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(RAPID) The EU "Education, Youth Affairs and Culture" Council will meet on 24-25 May 2007 in Brussels. For the audiovisual and media items on the agenda on 24 May, the Commission will be represented by Viviane Reding, Commissioner for Information Society and Media. At this Council, political agreement is expected on one of the priorities of the Commission and of the German Presidency: the Audiovisual Media Services without frontiers (AVMS) Directive.
(RAPID) EU Ministers for Culture gathered at the Cannes International Film Festival to pledge their support for Europe's audiovisual industry at a time when it faces unprecedented change, driven largely by the impact of digital technologies and the resulting change in audience behaviour. The EU Ministers' commitment to the audiovisual sector was underlined by their adoption in yesterday's meeting of the Culture Council, of the Audiovisual Media Services without frontiers directive (see IP/07/706). This will modernise the rules for traditional and emerging audiovisual media services in response to technological change and gives more flexibility to European TV- and filmmakers to produce digital content thanks to more relaxed advertising rules. See also Presenting the new Audiovisual Media Services without frontiers Directive: Frequently asked questions.
(Washington Post) Second Life is intended only for adults, and about 15 percent of the properties on the site have been voluntarily flagged by their residents as having mature material. Though some is relatively innocent, in some locations avatars act out drug use, child abuse, rape and various forms of sadomasochism. The question of what is criminal in virtual reality is complicated by disagreements among countries over what is legal even in real life. For example, virtual renderings of child abuse are not a crime in the United States but are considered illegal pornography in some European countries, including Germany.
(Heise) Während ihrer ersten Plenarsitzung haben die Justiz- und Innenminister der G8-Staaten heute in München größere Anstrengungen beim Kampf gegen Kinderpornographie und sexuellen Missbrauch an Kindern verabredet. Kinder bräuchten einen besonderen Schutz gegen den Missbrauch "in Form der Herstellung und Verbreitung von kinderpornographischem Material in großer Zahl in Sekundenschnelle".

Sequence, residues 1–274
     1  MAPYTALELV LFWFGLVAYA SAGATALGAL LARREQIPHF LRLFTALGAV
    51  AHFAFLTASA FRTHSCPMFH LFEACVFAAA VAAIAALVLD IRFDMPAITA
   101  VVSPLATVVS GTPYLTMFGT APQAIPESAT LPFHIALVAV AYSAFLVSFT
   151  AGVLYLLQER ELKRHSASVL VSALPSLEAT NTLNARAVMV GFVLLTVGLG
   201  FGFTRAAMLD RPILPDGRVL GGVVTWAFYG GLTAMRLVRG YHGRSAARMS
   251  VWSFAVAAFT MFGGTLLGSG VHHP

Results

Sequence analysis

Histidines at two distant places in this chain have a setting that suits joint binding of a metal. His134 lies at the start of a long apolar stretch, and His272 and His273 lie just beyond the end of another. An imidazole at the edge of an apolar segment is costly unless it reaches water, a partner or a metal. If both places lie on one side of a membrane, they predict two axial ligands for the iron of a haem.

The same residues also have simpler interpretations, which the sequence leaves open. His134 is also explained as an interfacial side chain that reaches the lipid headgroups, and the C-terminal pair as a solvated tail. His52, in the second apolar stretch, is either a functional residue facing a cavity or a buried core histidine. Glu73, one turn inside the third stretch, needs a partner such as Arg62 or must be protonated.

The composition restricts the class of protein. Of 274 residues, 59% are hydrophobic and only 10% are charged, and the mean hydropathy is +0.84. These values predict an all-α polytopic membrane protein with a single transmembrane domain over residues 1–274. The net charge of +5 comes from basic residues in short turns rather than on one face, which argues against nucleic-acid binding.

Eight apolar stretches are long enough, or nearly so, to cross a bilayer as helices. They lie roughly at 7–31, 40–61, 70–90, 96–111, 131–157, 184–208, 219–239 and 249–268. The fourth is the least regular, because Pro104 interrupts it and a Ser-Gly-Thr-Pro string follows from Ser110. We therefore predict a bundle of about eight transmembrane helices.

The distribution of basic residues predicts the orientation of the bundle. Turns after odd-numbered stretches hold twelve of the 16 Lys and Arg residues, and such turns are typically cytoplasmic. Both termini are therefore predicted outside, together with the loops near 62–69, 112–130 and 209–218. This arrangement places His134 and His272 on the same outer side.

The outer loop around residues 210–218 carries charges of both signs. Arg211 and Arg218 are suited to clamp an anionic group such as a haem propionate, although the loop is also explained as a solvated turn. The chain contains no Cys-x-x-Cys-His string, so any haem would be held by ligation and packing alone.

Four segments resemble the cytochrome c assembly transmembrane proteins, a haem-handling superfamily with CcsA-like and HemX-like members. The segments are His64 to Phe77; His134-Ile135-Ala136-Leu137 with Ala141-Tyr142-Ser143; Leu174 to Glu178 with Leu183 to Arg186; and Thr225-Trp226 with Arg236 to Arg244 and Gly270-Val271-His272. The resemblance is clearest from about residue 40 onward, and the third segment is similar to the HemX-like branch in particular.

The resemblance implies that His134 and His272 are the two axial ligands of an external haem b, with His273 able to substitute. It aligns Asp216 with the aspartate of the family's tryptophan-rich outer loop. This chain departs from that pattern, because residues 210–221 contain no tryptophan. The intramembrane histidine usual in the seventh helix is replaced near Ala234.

(News.com blog) by Daniel Terdiman. Second Life publisher Linden Lab was contacted by a German TV station that said it had discovered images in the virtual world showing a child avatar engaged in "depicted sexual conduct" with an adult avatar. Linden lab quickly began an investigation and banned the two people behind the avatars, as well as removed the images. Linden Lab said it has a zero tolerance policy regarding such behavior and acts quickly to remove residents who engage in it or the content itself when it is informed of its existence.
(OUT-LAW News) The Government will create a new child pornography offence for computer-generated or drawn images of child abuse. The creation or possession of such images is currently not an offence at all. The possession of actual photographs or images that appear to be photographs of sexual child abuse is punishable by up to 10 years in jail. The Government wants to create a new offence for generated images which would be punishable by three years in jail and an unlimited fine. The new law will relate to cartoon, computer-generated pictures, animations, drawings or actual photos altered so that they do not appear enough like photos to fall under existing law's reference to pseudo photographs.
(Guardian) Operation Ore has become embedded in public consciousness as the landmark police operation that tracked down people - almost always men - who allegedly paid to access child pornography via computer - but hundreds, perhaps thousands, of the cases show that the police were misled and confused by criminals whose computer expertise was years ahead of theirs. See also BBC picks up on the failings of Operation Ore.
(RAPID) Neelie Kroes, European Commissioner for Competition Policy, 'Bridging the Broadband Gap' Conference, Brussels, 15th May 2007.
(RAPID) The European Commission has adopted the Communication "Towards a general policy on the fight against cyber crime". Specific actions to improve coordination and cooperation between law enforcement authorities and between law enforcement and private sector operators will play an important role in the fight against cyber crime, and complement other actions taken at national, European and international level.